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Showing posts from August, 2019

Origami Tessellation: Rhombus Rings

I was playing around with a triad of rhombuses off of a triangle twist. From there I just followed the trail the paper left for me. So there is a single small triangle twist dead center. Three rhombus twists come off of that. Then just repeat. As you form the repetitions some oddly offset hexagons naturally form. It reminds me of the triangle twist rings that are the bedrock of flagstone tessellations. Just another interesting variation on so many classic techniques.

Offset Hex Twist Stars

This is one of those semi-accidental creations that have become my modus operandi. I began with a clear intent. That was the broad petal shapes that flank the center. I did not anticipate the triangles around the center hex. I guess that I should have.  I should know better by now. I'm fascinated by that small star that the grid can create. It folds the small hex like an open back hex rather than a traditional small hex twist. I guess you'd call it an offset small hex twist. This alters shapes and the way other folds can radiate from it. The bigger triangles on the back became obvious once the repetitions fell into place. I always expect some reverse side triangles in all my tesses. They're the mortar that makes everything else come together. Sometimes I see where they belong from the outset. Sometimes they just show themselves as I'm working out the other folds. If you listen, the paper tells you where it wants to go.

Origami Tessellation: Radiating Six Point Star

I saw a close up of this on flickr. It basically showed only the center. It's a Lydia Diard design if I remember correctly. Because it was a close in photo, the rest I improvised. It might be the same as the original or it might not. I don't know. When I first saw the design I was thinking it would look nice as repeating stars. It probably would. But once I'd done the center, it was obvious that would need a larger grid. So I changed the plan to fit the 32 pleat grid. I don't think I could do all those rabbit ears on a 48 pleat grid. Not without larger paper. Personally, I hate rabbit ear sink folds. They are a great way to make cool looking points in tessellations, but I find them incredibly tedious to fold. They're not so much difficult, as they are just annoying. That's how I feel about them anyway. I'm sure others feel differently. Give me a good hex twist any day. A nice triangle twist is great too. I do enjoy a nice flagstone fold. I love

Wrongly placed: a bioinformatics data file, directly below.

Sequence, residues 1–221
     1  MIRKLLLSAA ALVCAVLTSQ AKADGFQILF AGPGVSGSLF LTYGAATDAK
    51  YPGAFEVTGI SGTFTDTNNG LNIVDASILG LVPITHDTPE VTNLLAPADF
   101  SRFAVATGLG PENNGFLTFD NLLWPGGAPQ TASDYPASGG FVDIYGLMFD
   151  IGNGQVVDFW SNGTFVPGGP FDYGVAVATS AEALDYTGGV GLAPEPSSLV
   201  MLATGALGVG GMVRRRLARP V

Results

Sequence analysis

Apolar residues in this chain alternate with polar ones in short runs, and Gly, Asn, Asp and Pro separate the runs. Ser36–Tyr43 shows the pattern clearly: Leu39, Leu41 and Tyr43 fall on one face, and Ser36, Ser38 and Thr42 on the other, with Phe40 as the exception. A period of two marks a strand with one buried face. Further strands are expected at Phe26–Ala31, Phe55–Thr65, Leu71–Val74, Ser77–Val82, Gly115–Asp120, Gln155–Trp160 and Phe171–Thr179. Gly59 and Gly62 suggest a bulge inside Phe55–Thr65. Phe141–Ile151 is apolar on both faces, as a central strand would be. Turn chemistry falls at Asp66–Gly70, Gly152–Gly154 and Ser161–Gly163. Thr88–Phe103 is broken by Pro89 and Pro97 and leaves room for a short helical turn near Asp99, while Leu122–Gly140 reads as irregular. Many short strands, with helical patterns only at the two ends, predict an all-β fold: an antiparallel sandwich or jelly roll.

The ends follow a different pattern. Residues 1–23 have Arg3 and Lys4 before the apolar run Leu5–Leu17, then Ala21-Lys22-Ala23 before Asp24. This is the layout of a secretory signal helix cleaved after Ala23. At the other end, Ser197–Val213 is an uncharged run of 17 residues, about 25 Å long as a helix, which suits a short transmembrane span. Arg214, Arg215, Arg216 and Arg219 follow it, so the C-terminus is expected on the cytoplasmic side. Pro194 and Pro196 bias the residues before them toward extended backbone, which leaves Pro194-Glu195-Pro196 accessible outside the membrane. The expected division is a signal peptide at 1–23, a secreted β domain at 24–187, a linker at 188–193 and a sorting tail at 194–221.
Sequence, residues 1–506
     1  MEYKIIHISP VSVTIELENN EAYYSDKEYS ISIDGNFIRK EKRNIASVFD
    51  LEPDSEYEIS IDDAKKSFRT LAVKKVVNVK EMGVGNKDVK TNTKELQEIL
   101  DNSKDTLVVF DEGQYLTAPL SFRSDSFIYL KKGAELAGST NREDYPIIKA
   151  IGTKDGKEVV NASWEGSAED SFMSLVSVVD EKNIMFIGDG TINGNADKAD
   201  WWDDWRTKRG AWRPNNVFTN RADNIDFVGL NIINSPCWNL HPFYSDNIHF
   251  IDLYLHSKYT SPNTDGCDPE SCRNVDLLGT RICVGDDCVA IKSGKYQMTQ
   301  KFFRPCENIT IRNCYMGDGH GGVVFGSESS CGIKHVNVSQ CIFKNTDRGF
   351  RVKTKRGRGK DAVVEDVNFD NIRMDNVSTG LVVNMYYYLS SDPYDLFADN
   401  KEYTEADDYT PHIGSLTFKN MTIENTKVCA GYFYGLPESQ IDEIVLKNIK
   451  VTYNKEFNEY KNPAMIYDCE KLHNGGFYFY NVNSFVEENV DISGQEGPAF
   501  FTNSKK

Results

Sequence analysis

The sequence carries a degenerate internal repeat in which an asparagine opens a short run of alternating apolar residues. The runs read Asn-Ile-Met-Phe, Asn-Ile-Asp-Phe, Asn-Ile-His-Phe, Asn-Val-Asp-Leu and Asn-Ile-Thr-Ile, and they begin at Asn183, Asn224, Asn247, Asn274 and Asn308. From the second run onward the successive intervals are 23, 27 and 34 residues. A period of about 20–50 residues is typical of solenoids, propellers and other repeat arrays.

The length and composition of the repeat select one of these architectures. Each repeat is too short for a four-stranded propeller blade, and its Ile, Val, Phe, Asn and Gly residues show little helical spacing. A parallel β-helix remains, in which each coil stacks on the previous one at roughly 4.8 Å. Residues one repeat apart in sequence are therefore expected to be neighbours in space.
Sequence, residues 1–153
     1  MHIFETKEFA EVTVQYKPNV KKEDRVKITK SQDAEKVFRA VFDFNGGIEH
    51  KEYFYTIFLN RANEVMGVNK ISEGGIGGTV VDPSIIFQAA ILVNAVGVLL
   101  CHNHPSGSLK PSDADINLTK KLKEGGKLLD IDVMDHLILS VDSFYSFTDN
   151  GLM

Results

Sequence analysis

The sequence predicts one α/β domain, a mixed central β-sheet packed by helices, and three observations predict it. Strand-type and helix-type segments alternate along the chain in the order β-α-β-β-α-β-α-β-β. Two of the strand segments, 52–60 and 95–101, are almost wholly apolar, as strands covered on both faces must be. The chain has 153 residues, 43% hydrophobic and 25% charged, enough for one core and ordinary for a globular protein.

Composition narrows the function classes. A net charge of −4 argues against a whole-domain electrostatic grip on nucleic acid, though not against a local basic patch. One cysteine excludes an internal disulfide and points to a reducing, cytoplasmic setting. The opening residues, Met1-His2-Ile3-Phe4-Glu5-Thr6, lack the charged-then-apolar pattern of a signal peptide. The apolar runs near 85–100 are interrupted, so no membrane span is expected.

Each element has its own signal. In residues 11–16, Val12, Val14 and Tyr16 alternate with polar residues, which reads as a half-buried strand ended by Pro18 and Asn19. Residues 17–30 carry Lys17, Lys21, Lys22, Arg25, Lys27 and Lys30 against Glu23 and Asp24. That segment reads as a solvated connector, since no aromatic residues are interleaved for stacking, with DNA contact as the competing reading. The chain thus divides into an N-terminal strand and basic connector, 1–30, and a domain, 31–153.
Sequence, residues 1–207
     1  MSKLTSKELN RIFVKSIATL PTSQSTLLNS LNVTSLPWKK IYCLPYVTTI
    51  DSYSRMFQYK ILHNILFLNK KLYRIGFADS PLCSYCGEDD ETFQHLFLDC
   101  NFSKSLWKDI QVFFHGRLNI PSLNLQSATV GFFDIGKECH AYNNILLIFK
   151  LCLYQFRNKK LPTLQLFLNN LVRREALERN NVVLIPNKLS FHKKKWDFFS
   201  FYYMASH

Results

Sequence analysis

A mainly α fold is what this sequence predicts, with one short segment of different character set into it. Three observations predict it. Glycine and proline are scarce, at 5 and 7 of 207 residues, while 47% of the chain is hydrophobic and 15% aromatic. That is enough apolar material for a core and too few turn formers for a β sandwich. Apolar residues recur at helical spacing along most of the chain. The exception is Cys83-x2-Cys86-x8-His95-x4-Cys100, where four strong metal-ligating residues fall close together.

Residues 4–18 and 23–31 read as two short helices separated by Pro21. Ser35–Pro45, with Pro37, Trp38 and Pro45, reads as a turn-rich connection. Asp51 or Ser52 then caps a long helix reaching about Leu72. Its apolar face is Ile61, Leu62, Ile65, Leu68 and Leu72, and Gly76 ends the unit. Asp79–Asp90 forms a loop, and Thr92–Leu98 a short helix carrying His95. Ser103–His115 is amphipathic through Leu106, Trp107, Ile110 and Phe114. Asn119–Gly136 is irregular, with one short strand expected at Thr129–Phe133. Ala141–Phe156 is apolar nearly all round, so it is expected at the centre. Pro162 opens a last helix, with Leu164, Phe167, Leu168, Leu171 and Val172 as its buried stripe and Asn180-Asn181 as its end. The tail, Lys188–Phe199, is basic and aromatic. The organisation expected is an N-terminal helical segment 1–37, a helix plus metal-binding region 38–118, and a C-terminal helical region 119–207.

Origami Tessellation: Flagstone: Triangles Both Ways

So after I finished folding that last flagstone, it inadvertently led me to this next design. That's the thing about tessellations. If I try to come up with one, I usually get stuck. But if I'm not trying, they just kind of happen. I suppose that is the nature of art. This isn't so very different from other designs. But it does take a slightly different approach. It's open back hexes. They are flanked by rhombuses. Then there are triangle twists between the rhombuses. All of these are mountain folds. There are also some valley folded triangle twists to make everything work properly together. The unlit photo shows the true structure a little bit better. I don't have a terribly thorough sketch, but I do have a very rudimentary one. Seen below. The mountain triangle twists do not appear in the sketch. But it's fairly obvious where they occur in the gaps formed by the rhombuses and valley triangles. Just connect tthe dots.

Hexes and Triangles Flagstone Origami Tessellation

I found this flagstone on flickr. I think it was originally designed by Joel Cooper or maybe Peter Keller. The picture I saw belonged to someone else. For a flagstone it's pretty straightforward. I'm not great with figuring out flagstones, but this one is not complicated. It's just big hexes and triangles. It actually inspired a different flagstone pattern, which I've mapped out, but haven't folded yet. If you're familiar with flagstones this will make sense to you. If not, there are many flagstone crease patterns which illustrate the underlying structure. They all share a similar architecture. Personally, I have a love/hate relationship with origami flagstones. They are pretty predictable to understand, but not very friendly to fold. Everything is kind of dependent upon everthing else. So the fold is never fully realized until all of it is pushed into place. This photo of the rear shows the triangle twist triads that comprise the design that manif
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